Saturday, 30 October 2010

New Minimalist

To reduce is a key feature in many design principles, particularly in the contemporary market. The aim is to reduce negative impacts on cost, the environment, the consumer, the manufacturing processes, the material sourcing, the transportation and the disposal of the products involved.

By doing this designers are not only increasing their social awareness and conscience in design terms, but are also making their products more appealing to the current consumer. Advertising and the media tells us that we can be 'better people' by using products and adopting new habits that reduce negative effects on the world we live in both environmentally and economically.

One method of marketing products recently has been to make one product that has the features of a multide of different products, therefore meaning a consumer only needs one piece of technology/one material product rather than two, three, four or even more. Therefore, less materials, manufacturing processes, advertising, transportation and disposal is needed.

Sunday, 10 October 2010

BoConcept Rock Chair

The Rock Chair from the 2011 BoConcept collection is a re-release that is a fun and attractive combination of aesthetics, humour and function. The buttons in the cushion are placed to look like eyes and the curve of the seat (based on ergonomics) is reminiscent of a smile which turns the piece of furniture into a face. The bright colour and fun nature of the design means that this product will be popular to a wide audience.

Friday, 8 October 2010

The Great Exhibition

The Great Exhibition took place from May 1st to October 15th 1851 in Hyde Park, London. It was one of the World's Fairs that displayed thousands of examples of art, design and engineering from the countries in which they were created. These were popular 19th century features.

It was organised by Henry Cole and Prince Albert, the spouse of the ruler at the time, Queen Victoria. It was attended my six milion people (a third of the population at the time in Great Britain) and made £186 000 (£16 190 000 in 2010) profit which was used to found The Victoria and Albert Museum, The Science Museum, The Natural History Museum and The Imperial Institute.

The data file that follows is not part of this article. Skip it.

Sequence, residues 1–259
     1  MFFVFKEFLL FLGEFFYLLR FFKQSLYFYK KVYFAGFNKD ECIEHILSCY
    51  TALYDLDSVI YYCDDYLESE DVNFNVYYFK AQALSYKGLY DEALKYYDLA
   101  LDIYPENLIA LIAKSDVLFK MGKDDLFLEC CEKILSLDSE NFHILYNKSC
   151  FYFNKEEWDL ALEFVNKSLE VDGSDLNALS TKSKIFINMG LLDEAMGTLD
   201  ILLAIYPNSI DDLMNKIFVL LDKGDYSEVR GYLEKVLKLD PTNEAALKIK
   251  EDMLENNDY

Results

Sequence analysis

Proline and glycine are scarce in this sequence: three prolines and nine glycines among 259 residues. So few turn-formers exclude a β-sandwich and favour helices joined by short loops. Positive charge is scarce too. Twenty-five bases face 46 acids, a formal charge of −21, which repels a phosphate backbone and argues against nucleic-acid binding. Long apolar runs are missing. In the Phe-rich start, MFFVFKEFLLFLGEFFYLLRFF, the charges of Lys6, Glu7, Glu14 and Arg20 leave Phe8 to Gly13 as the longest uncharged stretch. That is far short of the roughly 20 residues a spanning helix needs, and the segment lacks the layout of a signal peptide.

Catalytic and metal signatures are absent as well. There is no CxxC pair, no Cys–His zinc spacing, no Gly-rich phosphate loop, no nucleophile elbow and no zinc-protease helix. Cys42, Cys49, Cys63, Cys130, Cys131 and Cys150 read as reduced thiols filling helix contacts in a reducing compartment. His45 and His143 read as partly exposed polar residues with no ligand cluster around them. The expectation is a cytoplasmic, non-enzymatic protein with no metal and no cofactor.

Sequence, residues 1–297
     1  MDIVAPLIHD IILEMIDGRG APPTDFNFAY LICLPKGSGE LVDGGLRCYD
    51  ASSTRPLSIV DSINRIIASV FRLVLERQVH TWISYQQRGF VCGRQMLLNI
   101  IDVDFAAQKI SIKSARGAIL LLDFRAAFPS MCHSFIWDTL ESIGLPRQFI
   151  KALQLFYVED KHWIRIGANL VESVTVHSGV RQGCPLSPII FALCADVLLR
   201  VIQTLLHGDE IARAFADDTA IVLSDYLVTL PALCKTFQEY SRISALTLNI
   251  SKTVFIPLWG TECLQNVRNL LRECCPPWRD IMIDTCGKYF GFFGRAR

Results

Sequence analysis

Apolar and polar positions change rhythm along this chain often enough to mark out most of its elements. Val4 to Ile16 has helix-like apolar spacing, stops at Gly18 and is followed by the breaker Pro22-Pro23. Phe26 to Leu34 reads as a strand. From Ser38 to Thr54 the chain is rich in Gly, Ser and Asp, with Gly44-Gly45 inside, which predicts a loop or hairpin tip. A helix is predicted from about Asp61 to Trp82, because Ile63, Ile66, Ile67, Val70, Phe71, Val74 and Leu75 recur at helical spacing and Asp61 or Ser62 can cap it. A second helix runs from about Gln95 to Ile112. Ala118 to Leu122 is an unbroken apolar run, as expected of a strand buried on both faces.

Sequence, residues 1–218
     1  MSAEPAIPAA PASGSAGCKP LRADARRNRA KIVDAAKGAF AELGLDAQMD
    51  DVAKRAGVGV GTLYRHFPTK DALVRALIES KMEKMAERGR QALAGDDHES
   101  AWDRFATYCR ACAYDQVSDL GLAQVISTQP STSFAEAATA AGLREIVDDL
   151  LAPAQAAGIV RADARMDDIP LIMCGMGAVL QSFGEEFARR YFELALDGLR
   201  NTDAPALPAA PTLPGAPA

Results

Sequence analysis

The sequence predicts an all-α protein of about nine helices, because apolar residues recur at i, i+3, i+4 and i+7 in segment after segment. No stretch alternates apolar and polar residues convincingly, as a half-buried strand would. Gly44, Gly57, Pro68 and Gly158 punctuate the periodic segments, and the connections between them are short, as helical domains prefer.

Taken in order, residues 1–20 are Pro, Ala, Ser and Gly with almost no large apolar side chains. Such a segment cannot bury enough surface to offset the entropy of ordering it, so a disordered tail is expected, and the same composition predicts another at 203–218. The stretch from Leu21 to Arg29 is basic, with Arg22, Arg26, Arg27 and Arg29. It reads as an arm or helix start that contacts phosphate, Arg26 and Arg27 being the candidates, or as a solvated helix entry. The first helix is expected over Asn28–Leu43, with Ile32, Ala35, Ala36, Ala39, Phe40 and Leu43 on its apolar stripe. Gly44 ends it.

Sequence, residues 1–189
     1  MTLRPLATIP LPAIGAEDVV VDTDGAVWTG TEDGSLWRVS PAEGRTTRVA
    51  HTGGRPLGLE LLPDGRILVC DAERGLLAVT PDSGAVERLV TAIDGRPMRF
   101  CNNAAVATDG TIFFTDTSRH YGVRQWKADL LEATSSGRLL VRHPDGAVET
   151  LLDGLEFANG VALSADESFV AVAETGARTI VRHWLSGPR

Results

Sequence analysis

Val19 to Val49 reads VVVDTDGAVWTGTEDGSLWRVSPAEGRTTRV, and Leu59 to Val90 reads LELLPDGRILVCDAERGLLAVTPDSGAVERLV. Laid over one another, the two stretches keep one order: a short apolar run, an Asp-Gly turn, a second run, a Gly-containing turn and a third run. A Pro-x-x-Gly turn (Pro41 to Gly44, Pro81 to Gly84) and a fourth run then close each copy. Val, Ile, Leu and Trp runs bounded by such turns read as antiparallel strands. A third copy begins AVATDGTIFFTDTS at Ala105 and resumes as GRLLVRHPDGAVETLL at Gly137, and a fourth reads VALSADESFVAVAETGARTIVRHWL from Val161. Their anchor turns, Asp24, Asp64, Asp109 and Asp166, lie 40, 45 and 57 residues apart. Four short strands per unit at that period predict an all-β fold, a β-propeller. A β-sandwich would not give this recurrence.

Karl Marx claimed that the exhibition was an emblem of the capitalist fetishism of commodities. It was also attended by famous people from history such as Charlotte Bronte, Charles Darwin, Lewis Carroll and George Eliott.

Wednesday, 6 October 2010

Origami Clutch

This Origami Clutch by Itay Laniado looks and feels like paper but it’s made out of Tyvek®, so it’s strong like plastic or fabric with a zipper is sewn inside. It is available for purchase on Etsy. I think this an extremely interesting piece of design as it very successfully demonstrates how material replacement and alternative material technology can be used even in the circumstances of textiles and fashion.

If further colours and perhaps other alternative materials were explored in the design of this type of product then it would promote the eco-friendly and cost-efficient properties of using a variety of materials to replace less eco-friendly ones which leads the way for other manufacturers to improve their product's efficiency and costs.

Monday, 4 October 2010


These modular 'ZipZip' cushions by Pling collection are a new take on the minimalist theme has been popular for the past twenty years. They can be zipped on all sides and positioned on the floor against walls, between other pieces of furniture and are not only comfortable, but an aesthetically original and interest space saving product. As they are not like ordinary sofas and chairs that have legs and a base and then cushions as well, they are very lightweight, easy to transport and also cheaper to manufacture.